When you set off on your journey to Financial Freedom, it can seem like a long way to travel.
Perhaps at the moment you are struggling to make ends meet or perhaps you are deep in debt. How do you go from there to Financial Freedom?
The leap often seems too big to contend with and so human nature is simply not to try. When we perceive things as too difficult or ‘impossible’ we often give up before we have gotten started to save ourselves from the potential failure.
As with all massive goals though, it really helps to break things down into smaller chunks that seem more manageable.
When you are targeting something as huge as Financial Freedom, it makes sense to have some milestones along the way so that you know you are making progress.
Hitting each of these milestones creates a sense of achievement and the motivation helps you on the way to the next step.
Here are 7 milestones that you may want to think about as you head on your own journey to Financial Freedom:
It is a sad fact that over 35% of Americans don’t have any savings at all and a further 25% have less than $1,000 saved up. This means that the vast majority of people are totally unprepared for even the most minor of financial emergency.
It could be an unexpected car repair, a higher than anticipated utility bill or some minor medical treatment. Any of these things could easily de-rail someone’s finances if they have no savings at all.
The problem is, if there is no emergency fund in place, how do people pay for the emergency?
The answer is usually to turn to credit cards! This is a very slippery slope indeed. If there wasn’t enough money to pay for the emergency in the first place, adding a load of credit card interest on top of your monthly expenses is going to do nothing to help matters!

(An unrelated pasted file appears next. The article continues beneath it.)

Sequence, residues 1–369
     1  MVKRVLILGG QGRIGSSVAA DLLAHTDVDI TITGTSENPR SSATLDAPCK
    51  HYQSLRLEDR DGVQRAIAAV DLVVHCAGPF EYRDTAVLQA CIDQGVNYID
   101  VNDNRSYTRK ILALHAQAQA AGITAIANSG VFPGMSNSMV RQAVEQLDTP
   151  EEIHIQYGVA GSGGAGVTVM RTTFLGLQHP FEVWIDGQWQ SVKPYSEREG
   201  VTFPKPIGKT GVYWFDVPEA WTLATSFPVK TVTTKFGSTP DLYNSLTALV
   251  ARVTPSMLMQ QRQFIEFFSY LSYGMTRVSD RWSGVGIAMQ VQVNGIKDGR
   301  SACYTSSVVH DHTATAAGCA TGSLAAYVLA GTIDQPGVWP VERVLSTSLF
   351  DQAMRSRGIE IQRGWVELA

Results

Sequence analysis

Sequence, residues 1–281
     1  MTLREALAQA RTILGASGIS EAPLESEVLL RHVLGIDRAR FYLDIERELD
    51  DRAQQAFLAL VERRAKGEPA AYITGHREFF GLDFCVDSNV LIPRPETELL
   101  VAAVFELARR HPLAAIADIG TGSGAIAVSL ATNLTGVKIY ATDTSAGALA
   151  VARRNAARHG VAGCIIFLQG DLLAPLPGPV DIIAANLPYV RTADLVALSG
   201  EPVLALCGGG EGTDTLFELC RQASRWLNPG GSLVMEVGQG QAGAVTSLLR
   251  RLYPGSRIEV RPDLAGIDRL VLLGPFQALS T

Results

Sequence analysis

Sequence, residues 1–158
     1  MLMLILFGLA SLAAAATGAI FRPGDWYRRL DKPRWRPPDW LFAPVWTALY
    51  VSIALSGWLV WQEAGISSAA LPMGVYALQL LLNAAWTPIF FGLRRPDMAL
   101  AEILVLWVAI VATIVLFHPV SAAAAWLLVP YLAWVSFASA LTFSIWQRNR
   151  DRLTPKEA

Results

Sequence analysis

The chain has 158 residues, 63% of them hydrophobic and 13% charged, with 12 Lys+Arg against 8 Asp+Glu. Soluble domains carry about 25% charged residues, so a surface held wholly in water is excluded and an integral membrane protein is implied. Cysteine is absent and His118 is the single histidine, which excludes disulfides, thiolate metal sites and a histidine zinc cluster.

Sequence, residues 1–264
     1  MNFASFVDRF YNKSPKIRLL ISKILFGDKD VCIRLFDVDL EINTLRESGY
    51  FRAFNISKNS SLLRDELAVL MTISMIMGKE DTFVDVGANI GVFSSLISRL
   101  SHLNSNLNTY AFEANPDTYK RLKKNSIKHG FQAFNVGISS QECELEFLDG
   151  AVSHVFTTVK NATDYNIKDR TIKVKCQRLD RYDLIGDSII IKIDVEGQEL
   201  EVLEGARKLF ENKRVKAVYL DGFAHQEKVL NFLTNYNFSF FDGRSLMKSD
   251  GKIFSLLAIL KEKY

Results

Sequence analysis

As such, the first step on the journey to Financial Independence should be to establish a short-term emergency fund.
Although there are no hard-and-fast rules about how much is enough to cover a short term emergency, most people agree that $1,000 is about right.
With $1,000 in the bank, you should be able to cope with most of the day-to-day financial emergencies that life throws at us.
Even $1,000 can seem a long way off if you are struggling to make ends meet, but try to make some small progress each month.
I would suggest you begin by trying to put just 1% of your income into a savings account each month. At the time, it might seem almost insignificant, but it is the start of a very powerful habit that can grow in the future.
If you are struggling to add money to your emergency funds, check out these 5 side hustles that could help you earn an extra $20 today:
You will also need to be on top of your monthly budget – head on over to this post to budget like a pro:
Once you have your short-term emergency fund in place, the next step is to tackle any consumer debt. I’m talking credit cards, overdrafts, personal loans, car loans etc.
Many people feel trapped by their debt and they probably are. The problem is that most people go into debt in the first place because they are either living beyond their means (spending too much) or they have a short-term emergency that they are unprepared for (see above).
This creates a seemingly never ending debt spiral which is really hard to get out of, but it can be done!
The key (as with most things) is to start making tiny steps towards the goal of being debt free.
There are 2 strategies I recommend to get on top of your debt and you can read about them in detail in this post:
Once you have re-paid any consumer debt that you had, give yourself a big pat on the back. Getting out of debt is arguably the hardest step on the journey to Financial Freedom so you can give yourself a massive cheer on getting this far.
Once the debt is gone for good, the next step is to establish a longer term emergency fund. The $1,000 starter fund is a good plan, but what if you have a more serious financial emergency?
What if your car needs replacing or you need some more serious medical treatment?
A medium term emergency fund allows you to cope with these mini-disasters with ease. Most importantly, having just repaid all the debt, it stops you having to go back to the credit cards when something goes wrong – which it will – that’s just life!
My advice is to try and save 6 months worth of expenses at this step in the process.
The process for saving that extra money is the same as in step 1, only now you don’t have those pesky debt repayments holding you back – easy right!